This is my personal experience and sharing of information in regards to schooling my kids with The Classical Academies. There are 3 campuses under 1 umbrella. Please do note that there may be differences between my campus and the campus that you are looking to enroll your child in. This blog post is to serve as reference only. Always check with your campus before making any decisions on the future of your child and homeschooling. I was not paid, compensated, and believe that the school has no idea of this writeup. Happy Holidays!
When meeting people, particularly moms while we are out and about, I get the question, “Where do your kids go to school?” I reply with the charter’s name and many times, the response is the look of perplexed. They mostly have not heard of our school nor have seen it listed as part of the district where we live. That is because it is not part of the district. I explain that it is in the next city over. Then, the question eventually comes to, “What made you want to do that? What made you want to homeschool?”
I get asked about what made me want to homeschool and how do I homeschool plenty of times online and in person. Though I have posted about this decision years ago on this blog, I think it is time for an updated answer, particularly after someone messaged me via Facebook with, “It seems like there are a ton of charter options. What made you choose Classical Academy?”
I have many reasons why I chose The Classical Academy. Here are some of them:
1. MY PERCEPTION OF THE SYSTEM WAS SHATTERED
I started “officially” homeschooling 4 years ago when my daughter was to enter kinder, I had not given much thought to homeschooling. Because up to the point, I believed that the traditional school system would be glad to have someone like her, take the little genius that I had been growing since I popped her out, and give her a world-class and customized opportunity in learning. After all, we reside in one of the top school districts in the nation! I pay big bucks to live here. Certainly, there’s reason for all the hype over my school district I live in. I was wrong. I quickly learned that there is nothing special they can do for her at that point that I was not already doing. They said there is a chance she will get into gifted classes if she qualified in the 3rd grade via a test, but until then, nothing to cultivate, skip over or grouping with other bright minds would be done. Everyone comes in based on their birth date and age. She will be in the pace of the teacher and the students in the classes she would be part of . That to me, was not good enough, and honestly, a waste of time (5 days in a classroom of learning nothing new).
So I searched for other options and I found that there were ways to school beyond what I knew “school” to be. TCA kind of fell on my lap. A friend asked for prayer on Facebook that her child would get picked via this tight lottery for a school. I asked what it was about. I signed up my child for that same lottery just before the lottery closed, and my daughter was picked. I was later told that there were only 18 seats that were available and 80+ kindergarteners who where in the hat for a seat. Wow, this thing must be good. I accepted the seat and Kinder at TCA started. Partial learning on campus and partial learning with me.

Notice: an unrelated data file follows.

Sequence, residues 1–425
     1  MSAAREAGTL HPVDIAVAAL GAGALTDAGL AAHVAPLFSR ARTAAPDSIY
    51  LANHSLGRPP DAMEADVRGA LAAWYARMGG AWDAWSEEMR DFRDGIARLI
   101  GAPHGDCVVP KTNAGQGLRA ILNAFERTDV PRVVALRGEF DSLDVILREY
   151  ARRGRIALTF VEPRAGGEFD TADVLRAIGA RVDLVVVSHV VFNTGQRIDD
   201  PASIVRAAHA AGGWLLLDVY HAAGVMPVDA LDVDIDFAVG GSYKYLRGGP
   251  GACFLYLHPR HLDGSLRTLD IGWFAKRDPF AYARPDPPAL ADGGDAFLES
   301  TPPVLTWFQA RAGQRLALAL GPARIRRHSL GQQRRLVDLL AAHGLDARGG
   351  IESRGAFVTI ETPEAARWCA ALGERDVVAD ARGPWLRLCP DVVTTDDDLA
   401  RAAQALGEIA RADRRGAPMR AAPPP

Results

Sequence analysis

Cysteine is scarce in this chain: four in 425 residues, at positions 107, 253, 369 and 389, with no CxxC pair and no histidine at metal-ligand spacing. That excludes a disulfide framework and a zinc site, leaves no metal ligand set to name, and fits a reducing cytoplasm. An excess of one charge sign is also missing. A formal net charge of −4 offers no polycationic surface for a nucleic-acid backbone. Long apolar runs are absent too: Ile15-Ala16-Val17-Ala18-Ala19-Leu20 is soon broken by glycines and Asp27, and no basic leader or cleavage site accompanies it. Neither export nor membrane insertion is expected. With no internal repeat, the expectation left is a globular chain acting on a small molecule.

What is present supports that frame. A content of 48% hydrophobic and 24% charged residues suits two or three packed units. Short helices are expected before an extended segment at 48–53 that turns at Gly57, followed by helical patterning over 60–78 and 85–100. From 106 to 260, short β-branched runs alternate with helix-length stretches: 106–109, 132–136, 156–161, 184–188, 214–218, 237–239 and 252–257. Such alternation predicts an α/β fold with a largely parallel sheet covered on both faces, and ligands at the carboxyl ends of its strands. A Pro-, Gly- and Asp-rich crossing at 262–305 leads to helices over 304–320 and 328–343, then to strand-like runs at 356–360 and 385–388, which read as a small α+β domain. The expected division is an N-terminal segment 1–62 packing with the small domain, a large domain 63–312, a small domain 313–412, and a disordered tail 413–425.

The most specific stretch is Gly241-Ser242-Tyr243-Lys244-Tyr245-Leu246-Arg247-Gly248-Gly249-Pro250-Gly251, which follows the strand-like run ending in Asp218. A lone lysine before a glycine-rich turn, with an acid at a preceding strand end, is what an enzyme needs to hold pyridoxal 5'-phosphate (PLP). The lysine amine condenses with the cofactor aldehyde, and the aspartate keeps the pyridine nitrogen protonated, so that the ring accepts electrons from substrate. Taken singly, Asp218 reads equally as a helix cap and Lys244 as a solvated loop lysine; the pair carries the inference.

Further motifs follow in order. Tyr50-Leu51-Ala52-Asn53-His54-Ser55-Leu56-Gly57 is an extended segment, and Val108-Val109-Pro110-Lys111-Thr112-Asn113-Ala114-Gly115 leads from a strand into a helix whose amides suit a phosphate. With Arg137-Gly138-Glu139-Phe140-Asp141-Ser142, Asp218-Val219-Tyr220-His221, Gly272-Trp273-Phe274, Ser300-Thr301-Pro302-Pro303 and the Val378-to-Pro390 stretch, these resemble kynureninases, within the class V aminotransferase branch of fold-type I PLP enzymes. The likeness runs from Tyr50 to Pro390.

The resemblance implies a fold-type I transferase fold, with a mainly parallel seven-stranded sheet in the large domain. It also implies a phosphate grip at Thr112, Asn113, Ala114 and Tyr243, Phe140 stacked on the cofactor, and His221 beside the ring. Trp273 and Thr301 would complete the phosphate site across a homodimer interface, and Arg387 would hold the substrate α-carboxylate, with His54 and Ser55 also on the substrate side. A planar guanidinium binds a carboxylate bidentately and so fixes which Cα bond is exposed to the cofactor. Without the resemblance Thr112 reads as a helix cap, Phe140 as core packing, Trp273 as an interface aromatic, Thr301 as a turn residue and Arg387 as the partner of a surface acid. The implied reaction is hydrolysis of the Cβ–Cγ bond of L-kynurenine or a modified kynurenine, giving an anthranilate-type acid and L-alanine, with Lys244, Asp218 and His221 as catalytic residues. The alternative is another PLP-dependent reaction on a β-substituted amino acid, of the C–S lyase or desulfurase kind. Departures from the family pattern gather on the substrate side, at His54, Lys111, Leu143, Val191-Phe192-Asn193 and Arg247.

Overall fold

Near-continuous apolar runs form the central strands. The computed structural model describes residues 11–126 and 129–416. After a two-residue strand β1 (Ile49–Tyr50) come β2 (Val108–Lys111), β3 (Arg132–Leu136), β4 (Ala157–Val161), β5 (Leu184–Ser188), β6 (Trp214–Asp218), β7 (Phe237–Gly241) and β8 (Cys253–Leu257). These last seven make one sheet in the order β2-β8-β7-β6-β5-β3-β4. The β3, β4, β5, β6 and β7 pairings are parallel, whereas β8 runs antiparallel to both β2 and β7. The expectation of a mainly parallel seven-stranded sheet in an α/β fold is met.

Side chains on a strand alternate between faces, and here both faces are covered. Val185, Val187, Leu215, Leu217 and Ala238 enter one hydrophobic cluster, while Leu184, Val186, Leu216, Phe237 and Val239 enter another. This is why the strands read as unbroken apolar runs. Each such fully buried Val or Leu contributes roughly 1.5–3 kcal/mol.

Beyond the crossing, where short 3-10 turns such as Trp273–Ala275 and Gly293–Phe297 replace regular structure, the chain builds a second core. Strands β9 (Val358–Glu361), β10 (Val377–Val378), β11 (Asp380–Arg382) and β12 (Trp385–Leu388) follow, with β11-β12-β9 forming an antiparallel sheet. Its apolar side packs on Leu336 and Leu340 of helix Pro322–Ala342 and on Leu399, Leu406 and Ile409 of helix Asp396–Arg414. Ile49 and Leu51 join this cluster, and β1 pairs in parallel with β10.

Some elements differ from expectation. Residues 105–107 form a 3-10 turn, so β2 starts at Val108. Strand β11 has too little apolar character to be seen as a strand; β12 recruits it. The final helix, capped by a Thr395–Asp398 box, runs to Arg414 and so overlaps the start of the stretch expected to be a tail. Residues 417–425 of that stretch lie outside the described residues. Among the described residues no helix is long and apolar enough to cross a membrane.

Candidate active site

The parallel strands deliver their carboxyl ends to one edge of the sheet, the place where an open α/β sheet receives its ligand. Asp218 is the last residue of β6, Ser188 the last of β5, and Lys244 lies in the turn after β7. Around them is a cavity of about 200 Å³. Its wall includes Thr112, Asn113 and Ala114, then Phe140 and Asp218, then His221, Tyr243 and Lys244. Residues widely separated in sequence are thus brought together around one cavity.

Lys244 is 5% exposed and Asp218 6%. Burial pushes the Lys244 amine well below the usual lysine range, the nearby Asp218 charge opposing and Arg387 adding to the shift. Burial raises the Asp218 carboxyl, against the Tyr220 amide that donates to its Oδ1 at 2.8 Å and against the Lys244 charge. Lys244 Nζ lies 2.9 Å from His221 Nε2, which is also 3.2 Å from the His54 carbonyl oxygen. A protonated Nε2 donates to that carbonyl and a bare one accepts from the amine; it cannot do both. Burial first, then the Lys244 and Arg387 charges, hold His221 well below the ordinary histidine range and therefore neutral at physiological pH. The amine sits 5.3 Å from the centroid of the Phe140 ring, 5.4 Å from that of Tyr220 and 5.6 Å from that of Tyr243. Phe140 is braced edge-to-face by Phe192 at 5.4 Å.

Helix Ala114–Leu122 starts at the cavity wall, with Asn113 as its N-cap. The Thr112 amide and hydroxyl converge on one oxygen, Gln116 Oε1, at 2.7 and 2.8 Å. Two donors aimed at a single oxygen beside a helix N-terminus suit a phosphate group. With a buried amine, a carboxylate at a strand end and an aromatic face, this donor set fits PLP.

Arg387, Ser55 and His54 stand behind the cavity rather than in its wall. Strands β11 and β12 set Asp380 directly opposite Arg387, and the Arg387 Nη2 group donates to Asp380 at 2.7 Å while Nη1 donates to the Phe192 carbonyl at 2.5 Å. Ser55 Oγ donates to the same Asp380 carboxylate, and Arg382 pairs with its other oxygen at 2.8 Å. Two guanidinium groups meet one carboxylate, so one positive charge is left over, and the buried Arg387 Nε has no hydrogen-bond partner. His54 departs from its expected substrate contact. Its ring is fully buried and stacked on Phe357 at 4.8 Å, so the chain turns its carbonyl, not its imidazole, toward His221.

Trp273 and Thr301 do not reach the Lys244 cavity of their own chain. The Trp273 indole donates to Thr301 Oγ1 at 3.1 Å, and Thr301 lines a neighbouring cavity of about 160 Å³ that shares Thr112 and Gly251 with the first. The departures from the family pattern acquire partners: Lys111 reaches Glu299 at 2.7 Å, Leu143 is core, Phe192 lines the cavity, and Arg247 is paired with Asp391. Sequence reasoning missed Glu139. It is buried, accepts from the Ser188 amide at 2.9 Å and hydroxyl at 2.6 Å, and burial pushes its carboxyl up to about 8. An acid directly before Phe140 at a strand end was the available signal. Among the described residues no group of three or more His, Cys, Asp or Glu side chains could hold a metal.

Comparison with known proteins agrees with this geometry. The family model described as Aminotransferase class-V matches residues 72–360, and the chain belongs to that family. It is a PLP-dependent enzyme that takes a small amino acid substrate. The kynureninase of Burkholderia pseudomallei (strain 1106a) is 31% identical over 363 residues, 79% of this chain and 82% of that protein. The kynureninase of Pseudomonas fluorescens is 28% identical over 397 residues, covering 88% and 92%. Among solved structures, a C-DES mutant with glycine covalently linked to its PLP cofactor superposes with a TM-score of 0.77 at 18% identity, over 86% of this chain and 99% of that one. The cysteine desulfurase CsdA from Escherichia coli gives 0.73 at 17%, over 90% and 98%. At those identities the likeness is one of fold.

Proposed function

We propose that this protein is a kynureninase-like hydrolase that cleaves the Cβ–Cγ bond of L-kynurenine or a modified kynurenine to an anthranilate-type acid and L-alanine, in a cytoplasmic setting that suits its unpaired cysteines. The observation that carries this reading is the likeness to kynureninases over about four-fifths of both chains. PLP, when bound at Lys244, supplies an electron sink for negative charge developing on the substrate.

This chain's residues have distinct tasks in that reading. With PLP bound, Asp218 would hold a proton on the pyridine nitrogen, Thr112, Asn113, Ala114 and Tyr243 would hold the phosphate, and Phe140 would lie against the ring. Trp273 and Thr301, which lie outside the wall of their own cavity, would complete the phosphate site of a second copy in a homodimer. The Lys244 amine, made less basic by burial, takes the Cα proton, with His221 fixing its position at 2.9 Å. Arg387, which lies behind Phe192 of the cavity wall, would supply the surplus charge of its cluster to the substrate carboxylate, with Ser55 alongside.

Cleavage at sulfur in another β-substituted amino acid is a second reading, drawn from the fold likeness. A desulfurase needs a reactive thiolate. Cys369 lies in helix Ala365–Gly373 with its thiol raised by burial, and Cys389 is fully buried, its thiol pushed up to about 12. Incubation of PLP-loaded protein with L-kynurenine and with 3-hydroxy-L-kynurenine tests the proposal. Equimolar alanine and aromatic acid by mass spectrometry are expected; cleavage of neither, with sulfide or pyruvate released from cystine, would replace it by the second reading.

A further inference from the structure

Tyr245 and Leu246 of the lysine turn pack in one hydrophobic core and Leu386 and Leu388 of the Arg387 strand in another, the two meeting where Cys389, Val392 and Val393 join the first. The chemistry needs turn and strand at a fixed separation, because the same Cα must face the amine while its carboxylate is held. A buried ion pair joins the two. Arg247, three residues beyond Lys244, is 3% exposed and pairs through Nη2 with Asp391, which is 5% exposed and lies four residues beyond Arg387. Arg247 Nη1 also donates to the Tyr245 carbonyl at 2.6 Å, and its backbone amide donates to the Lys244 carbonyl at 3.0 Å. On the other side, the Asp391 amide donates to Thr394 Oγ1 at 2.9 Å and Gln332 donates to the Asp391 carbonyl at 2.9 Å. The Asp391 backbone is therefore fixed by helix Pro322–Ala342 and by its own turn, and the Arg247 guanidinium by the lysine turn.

At close of Kinder year, reading speed and comprehension was almost in the same level of a 4th grader. She was top of her class in every subject and test scores were off the page. But best of all, she had the heart of gold and was like any other kinder. She giggled like any other kinder. She was confident, socially amazing, had lots of friends, friendly to all and just all around lovely. I received personal confirmation that I did not mess up my child due to pulling her out of the public preschool the year before, before classes even began. I thought maybe I was just being cheap in thinking that $400 a month was a bit much for “an edge” when we were already doing much more at home. I was right.
Kinder in our district… not good enough.
Homeschooling it is. TCA Charter it is.
Home education by me, it is.
Oh, what about socialization? That is a whole other blog post but you will see some that socialization is a non issue. Keep reading.
Let’s get back to why I chose Classical Academy.
2. ‘2 FULL-DAY IN CLASSROOM WITH PEERS’ OPTION
The Classical Academies (TCA) offer a 2 full-day option where the child is with children their grade level from 8:00 until 230pm.These kids see their same peers on these 2 days and in a classroom setting the whole time minus the recess and lunch breaks. Occasionally, an art, science, music, or Spanish teacher would come in for some enrichment. They take care of a few of the core subjects (part of Language Arts/Math) and we commit to do more of (Language Arts/Math) – and some of them primarily (Science/History) – at home. This is the way of the A-Track or B-Track with TCA. The only difference between the 2 tracks are the days students attend on campus (Tuesday and Thursday or Wednesday and Friday [used to be Monday and Wednesdays]). I did Tuesday/Thursday for my daughter in Kinder and Monday Wednesday for 1st grade. This is the method I covered above; the one with the lottery in order to get into this 2 day program which takes place several months before the school year of intended entry.
3. ‘C-TRACK – the C-ELECTIVES or DIY’ OPTION
There is another method to TCA which is called C-Track. This is open enrollment year round and no lottery is needed to get in to this with TCA. With C-Track, you can school in many different ways.
1st option: Complete all the subject requirements in your home (no classes on campus),
2. Complete all the subjects on campus (if you are fortunate enough to get into all the classes you need and wanted), or
3. Complete some of subjects off campus and some on campus.
I chose the third option starting last year (2nd grade) and doing the same method for this year. These classes on campus are referred to as C-Electives. Each C-Elective class a child gets into, is attended once a week and are 120 mins in length. C-Electives may be core subject classes (Science and History) and some are electives or enrichment classes such as STEAM or pottery. Do note that C-Electives are never guaranteed but the school does its best to give parents what they want. Many C-Electives have to do a waitlist and the kids are picked by lottery. The C-Elective classes my daughter got into were never promised but were not impossible to get into, either. Art classes are always the hardest to get into.